September Earnings:

Adsense $592.72 $349.27
RA commissions $154.24
Clickbank $149.81
Amazon Associates $132.57
Demand $84.08
WA commissions $65
NB commissions $39.92
ShareASale      $8.70

Total $1,492.23

 In addition to online income from websites and blogs, my husband and I earn a somewhat passive income from two two-bedroom rental homes here in our county. I'm planning to blog about that this month, just to give some insight into another residual income model with which I have experience. Diversification really strengthens your ability to survive economic downturns and industry changes, and diversifying offline makes sense to me.

How were your online earnings in September? If you're just starting out, what's the main challenge you face to building a reliable online income?

Wednesday, October 5, 2011

One Website or Many?

Should you focus on one website (or niche) or several?

This question has come up for me many times since I started my online writing journey, or more precisely, since I began focusing on my own websites for the foundation of my writing business. Part of my conundrum stems from having more great website ideas than I have time to build, develop and write. I've purchased a couple (okay, maybe a few) dozen domain names and yet the bulk of my income comes from just two of those. 

Oh, I've tried outsourcing, to mixed results. But ultimately, my best websites and articles are ones I've written myself. They tend to be so focused that a hired freelancer without preexisting interest or experience in the topic can't do it justice at the standard freelance rates I've been able to afford.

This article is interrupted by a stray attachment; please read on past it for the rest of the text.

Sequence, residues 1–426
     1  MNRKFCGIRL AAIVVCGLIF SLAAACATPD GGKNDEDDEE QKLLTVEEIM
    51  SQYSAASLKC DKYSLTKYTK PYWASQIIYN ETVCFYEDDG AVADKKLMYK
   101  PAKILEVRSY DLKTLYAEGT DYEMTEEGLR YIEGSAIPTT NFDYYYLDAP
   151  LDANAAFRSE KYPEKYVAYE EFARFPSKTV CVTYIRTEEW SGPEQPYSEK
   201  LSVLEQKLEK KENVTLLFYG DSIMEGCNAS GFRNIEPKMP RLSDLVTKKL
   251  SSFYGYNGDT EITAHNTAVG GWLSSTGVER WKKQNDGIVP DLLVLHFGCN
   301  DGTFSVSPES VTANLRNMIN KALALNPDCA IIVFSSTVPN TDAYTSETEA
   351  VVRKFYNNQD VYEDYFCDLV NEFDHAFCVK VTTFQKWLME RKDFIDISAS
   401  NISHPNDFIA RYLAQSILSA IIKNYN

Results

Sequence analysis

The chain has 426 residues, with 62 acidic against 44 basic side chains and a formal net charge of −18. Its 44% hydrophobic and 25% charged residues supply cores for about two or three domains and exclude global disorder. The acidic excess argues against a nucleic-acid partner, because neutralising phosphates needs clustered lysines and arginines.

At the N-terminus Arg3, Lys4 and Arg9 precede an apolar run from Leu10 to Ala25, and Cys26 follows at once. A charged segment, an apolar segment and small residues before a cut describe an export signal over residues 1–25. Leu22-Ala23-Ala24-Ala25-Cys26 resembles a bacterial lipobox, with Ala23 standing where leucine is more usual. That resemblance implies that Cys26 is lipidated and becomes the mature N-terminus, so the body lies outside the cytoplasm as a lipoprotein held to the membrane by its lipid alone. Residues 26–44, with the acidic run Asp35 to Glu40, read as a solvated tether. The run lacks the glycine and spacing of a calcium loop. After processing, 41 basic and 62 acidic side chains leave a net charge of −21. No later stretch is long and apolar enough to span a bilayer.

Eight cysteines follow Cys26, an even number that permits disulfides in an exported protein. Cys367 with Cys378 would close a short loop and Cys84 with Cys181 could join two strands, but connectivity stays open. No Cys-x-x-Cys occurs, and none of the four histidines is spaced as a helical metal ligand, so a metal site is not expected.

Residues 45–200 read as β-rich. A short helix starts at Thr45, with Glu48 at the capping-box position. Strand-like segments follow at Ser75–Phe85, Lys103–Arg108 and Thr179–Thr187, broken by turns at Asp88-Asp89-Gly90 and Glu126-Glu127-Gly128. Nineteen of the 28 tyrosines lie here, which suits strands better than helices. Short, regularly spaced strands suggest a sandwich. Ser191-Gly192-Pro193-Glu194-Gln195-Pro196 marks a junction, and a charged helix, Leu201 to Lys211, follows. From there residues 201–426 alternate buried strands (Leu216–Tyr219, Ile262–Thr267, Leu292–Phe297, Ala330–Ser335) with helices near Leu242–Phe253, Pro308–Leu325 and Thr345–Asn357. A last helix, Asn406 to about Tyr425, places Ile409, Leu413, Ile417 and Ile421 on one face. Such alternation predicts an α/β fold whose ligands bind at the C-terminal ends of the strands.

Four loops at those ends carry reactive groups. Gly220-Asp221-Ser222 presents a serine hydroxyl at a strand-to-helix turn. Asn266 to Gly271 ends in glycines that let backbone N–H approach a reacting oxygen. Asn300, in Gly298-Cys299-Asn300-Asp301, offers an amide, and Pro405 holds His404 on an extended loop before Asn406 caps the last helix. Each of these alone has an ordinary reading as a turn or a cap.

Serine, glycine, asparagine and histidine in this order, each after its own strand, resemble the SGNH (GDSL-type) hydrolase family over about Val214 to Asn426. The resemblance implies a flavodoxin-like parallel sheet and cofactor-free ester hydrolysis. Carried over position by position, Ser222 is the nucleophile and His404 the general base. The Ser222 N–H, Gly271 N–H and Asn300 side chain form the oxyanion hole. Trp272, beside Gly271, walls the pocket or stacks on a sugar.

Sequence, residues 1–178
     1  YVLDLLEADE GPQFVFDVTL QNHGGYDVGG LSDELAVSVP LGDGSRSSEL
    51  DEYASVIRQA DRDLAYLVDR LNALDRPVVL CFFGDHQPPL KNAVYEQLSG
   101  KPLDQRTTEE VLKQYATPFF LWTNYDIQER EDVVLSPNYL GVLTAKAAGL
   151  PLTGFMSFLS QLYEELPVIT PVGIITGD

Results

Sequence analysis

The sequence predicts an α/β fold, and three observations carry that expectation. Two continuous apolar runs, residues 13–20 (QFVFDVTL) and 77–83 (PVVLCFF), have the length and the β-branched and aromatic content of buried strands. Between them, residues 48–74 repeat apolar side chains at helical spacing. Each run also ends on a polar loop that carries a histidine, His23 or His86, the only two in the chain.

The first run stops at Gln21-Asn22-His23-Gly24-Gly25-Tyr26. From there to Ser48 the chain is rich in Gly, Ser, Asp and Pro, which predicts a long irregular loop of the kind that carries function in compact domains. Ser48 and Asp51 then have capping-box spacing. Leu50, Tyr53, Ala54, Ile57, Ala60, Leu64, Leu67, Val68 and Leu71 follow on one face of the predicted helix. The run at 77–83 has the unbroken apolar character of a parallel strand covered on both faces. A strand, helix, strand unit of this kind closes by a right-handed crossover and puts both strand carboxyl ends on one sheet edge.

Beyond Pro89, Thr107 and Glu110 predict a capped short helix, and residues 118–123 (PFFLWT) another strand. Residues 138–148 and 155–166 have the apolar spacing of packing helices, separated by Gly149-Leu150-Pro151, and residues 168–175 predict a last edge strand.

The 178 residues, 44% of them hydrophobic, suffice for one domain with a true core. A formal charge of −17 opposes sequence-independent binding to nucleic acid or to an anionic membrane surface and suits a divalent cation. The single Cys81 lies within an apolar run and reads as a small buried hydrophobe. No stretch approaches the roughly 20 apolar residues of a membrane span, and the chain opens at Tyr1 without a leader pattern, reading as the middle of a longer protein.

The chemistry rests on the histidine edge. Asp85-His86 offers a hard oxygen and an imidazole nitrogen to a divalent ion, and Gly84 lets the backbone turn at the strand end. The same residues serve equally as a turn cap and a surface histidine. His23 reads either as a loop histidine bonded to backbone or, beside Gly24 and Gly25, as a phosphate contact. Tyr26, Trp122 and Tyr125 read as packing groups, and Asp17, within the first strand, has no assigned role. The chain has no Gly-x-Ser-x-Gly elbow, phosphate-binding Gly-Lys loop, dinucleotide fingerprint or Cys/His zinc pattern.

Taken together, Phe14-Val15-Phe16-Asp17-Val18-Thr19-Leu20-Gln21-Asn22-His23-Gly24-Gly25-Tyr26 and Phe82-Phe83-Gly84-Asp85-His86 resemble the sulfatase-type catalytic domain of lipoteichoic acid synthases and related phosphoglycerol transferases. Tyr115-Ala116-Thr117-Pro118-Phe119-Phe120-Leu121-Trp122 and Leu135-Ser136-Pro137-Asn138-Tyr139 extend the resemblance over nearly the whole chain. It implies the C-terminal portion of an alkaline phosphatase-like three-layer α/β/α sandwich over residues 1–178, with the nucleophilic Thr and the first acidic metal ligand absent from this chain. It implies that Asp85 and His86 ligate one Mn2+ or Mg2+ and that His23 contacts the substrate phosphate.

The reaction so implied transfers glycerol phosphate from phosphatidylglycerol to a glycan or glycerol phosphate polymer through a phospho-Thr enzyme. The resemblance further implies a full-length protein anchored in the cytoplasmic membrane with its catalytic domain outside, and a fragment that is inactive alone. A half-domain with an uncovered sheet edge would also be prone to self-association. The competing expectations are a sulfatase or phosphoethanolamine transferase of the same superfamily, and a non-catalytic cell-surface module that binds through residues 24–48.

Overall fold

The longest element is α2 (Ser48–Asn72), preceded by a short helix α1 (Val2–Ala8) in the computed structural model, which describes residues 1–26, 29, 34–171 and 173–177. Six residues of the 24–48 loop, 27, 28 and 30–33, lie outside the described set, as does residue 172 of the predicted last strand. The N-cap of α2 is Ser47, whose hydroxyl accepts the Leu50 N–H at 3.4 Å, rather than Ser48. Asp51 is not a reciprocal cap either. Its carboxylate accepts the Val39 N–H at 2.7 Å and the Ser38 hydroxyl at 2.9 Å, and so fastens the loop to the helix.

The problem I've discovered, when you have a large number of domains and thus websites and blogs (assuming you've made the first steps to turn the domains into traffic-generating, revenue-earning assets) is that your attention can become very fragmented, meaning that even your best niches and blogs become somewhat neglected.

In the quest to make every website reach its potential, none actually do. For example, my pets website earns $500-$1,000 a month. It could hypothetically bring in much, much more, but I still haven't gotten it a new and better template, or regularly added new content in recent months. I'm too distracted by other sites that may not be in as great a niche and I've barely touched, yet feel an odd obligation to take care of.

I don't think I'm ready to just delete -- or not renew -- my collection of great-idea domains that are languishing in various stages of completion. But my approach moving forward is to give my most focused attention to the ones that showed themselves early on as true winners. By winners, I agree with fellow WAHM Felicia at No Job for Mom: the website has to both do well AND be something I truly enjoy writing about.

By putting about 80% of my efforts into my two top niches (the pets site and a home/ family niche that is also doing very well, responsible for most of my affiliate sales) I think I can have my cake and not eat it, too (I'm on a post-baby diet.) That is, I can both hold onto all my wonderful ideas and still maximize my earnings by focusing the majority of my time, effort, and resources on the best income-generating ones.

With these two websites alone, I know I can get back to my previous income level of  $5,000 a month.

To keep myself on track, I will:
  • Make a detailed work plan at the start of each week, and a checklist for each day to accomplish the week's goals. 
  • Schedule my work time, with my family's cooperation.
  • Use my prime morning work time (5-7:30 am) for my top niche sites.
  • Work on the extra sites when I need a break, or during extra work sessions after my main weekly goals are completed.
 Have you faced the dilemma of how many successful websites you can truly manage? What was your conclusion or solution?